Last weekend, I took part in the AIDS Walk in Washington, DC. I haven't done an AIDS Walk in a long time but this was clearly the year to do it. One in every 20 adults in the District of Columbia is infected with HIV. In March, DC's HIV/AIDS administrator told The Washington Post that, "Our rates are higher than West Africa."
Nationwide, over 1,000,000 Americans are infected and over 250,000 don't even know it because they have never been tested. And we are accruing over 50,000 new cases per year nationally and it's on the rise.
I serve on the Board of the Whitman-Walker Clinic, which organized the AIDS Walk. Over 7,000 of us marched. But, one city's committed health clinic and its impassioned citizenry are not enough to solve this problem. We need to ask: Where is the leadership from the city and from the Federal government? Where is our mayor, Adrian Fenty. More importantly, where, oh where, is Barack Obama?
The President stated that one of his top HIV/AIDS policy priorities is to develop and implement a "National Strategic Plan." This plan would have three goals:
1. Reduce HIV incidence.
2. Increase access to care and optimize health outcomes.
3. Reduce HIV related health disparities.
That's a good start. The White House Office of National AIDS Policy (ONAP) announced plans to hold fourteen town hall meetings across the country. That would allow ONAP's Director, Jeff Crowley, and his staff to directly hear from the community on what the administration needs to do. Anyone not able to attend a town halls meeting could submit their own strategic plan to the ONAP website. When I heard about this scheme, I began to think the train was off the tracks but I decided to hold off judgment until I attended the Washington, DC town hall meeting.
Two weeks ago, I went to the hall meeting here in DC. Jeff Crowley introduced his staff of three policy people and an administrative assistant. He stated that their hiring was proof of the President's commitment to this fight. It's not. My small consulting firm has more staff and our primary mission is not to save people's lives, let alone the 1.2 million lives affected by HIV/AIDS.
The night was almost lost when D.C. Delegate, Eleanor Holmes Norton, gave a 25-minute stump speech riddled with scientific inaccuracies. After telling us that she had known for years what the problems and solutions were, she accepted her tepid applause, walked off the stage and out the door.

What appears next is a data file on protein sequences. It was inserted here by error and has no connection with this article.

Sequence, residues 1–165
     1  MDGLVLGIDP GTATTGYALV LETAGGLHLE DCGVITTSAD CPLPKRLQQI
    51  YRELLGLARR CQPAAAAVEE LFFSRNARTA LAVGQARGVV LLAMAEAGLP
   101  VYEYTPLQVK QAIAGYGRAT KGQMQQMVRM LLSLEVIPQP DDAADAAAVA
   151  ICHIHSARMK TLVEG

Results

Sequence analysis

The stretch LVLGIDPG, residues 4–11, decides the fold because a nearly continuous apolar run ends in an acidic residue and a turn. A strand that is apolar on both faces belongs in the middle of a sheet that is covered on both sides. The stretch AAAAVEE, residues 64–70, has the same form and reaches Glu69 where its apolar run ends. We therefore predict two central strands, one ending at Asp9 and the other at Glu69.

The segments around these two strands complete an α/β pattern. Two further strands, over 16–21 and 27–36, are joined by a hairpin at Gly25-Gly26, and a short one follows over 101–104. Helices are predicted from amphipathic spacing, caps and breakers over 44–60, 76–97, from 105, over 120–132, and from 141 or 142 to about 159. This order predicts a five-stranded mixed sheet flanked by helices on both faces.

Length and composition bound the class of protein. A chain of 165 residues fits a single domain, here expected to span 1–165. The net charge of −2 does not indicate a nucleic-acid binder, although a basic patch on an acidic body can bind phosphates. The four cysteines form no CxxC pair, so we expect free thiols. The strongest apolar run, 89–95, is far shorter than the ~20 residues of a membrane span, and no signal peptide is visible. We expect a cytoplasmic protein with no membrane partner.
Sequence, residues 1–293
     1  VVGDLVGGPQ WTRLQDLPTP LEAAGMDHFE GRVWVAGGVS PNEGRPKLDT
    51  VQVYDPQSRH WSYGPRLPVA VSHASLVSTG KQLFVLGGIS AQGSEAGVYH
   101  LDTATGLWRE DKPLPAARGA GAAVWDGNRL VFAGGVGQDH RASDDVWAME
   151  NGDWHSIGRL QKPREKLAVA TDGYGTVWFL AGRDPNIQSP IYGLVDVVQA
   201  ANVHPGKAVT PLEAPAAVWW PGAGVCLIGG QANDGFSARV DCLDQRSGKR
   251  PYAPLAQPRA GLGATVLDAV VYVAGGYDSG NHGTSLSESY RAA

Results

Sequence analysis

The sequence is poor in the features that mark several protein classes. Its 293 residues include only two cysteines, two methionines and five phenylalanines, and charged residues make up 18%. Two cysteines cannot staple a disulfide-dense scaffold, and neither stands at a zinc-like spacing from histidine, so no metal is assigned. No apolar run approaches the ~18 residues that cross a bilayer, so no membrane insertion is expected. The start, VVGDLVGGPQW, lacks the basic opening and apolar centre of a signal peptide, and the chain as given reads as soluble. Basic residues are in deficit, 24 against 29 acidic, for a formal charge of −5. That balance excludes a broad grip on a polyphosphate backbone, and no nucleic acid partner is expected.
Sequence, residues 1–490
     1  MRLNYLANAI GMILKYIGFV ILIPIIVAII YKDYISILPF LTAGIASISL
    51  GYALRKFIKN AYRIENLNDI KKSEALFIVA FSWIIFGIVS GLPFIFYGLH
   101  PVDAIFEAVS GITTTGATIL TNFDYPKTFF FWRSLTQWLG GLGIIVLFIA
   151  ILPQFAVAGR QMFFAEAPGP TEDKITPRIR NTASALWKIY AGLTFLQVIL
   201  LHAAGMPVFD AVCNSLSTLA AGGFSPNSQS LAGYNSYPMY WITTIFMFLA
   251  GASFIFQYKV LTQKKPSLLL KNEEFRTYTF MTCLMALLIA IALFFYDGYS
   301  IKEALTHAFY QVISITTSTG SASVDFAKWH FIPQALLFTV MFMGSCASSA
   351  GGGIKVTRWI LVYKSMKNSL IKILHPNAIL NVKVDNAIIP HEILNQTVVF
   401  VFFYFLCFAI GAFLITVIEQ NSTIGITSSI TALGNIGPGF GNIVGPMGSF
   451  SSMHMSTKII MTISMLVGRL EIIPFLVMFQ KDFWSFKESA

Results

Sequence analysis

The next hour and half, however, was tremendous and inspiring. The struggles, bravery, desperation and hope embodied in the 100 people that lined up at the microphones were enough to take one's breath away. But, I'm not sure it brought us any closer to a cure.
From fighting this battle for 25 years, I know three things to be true:
1. AIDS is not solely one community's problem. It was never just a gay man's problem and it's not just an African-American problem now.
2. The solution to this tragedy will not come from town hall meetings or submissions to a website.
3. We already know what we need to do. What we need is the vision, the leadership, the political will and the resources to do it.
There have been tremendous successes in local communities with regard to care and coping.
Our scientists continue to discover better and more manageable drug interventions and PEPFAR showed us that even in Third World African countries we could beat back HIV.
Just last week, a breakthrough was announced in the quest to discover a vaccine that would combat HIV/AIDS. It's only a first step but as Dr. Fauci, the Director of the National Institute for Allergies and Infectious Disease put it, "this is the first time that we've ever seen what we call a positive signal for any HIV/AIDS vaccine in a human study. And we've been working on this for over two decades."
I suspect the White House ONAP staffers are going to hear the same thing in all 14 town hall meetings. They will hear about prevention, homelessness, reimbursement rates, needle exchange, sex education, pediatric AIDS, aging with HIV, ethnic disparities, HIV in pregnant women, support services for people living with HIV, the need for more trained doctors and nurses and of course health care reform. They don't need town halls for that.
What we need now is action from the President. He must put his muscle behind his words when it comes to HIV/AIDS in the United States. Here's my advice: Forget the town hall meetings. They're a nice gimmick, but we're not in a political campaign. We're in a battle for lives.
Obama needs to bring together those who are already seeing success. Invite the Mayors of our largest cities, including the Mayor of Oakland, CA. who is a role model in the fight against this disease. Call in the leadership from the countries that received PEPFAR funding where reduction in HIV transmission is well documented. Bring in the heads of community-based organizations, like the AIDS Alliance for Children Youth and Families, the Harm Reduction Coalition and the Whitman Walker Clinic, which have successfully implemented programs in both reducing incidence and improving care. And if the President wants to think outside the box make sure that industry is represented by the likes of MTV, Google and Apple who using their successful business models have mastered how to communicate and sell to young Americans of all racial backgrounds. If Obama could get these people in a room in the White House, we could create the real "National Strategic Plan." It could only be done with real leadership.
Earlier in this post, I asked, "where, oh where, is Barack Obama?" This weekend, President Obama will be at the Human Rights Campaign National Dinner. I'll be there, too. I'm looking forward to hearing what he'll say on the issue of HIV/AIDS. But, words won't be enough. Town halls won't either. I want leadership and action.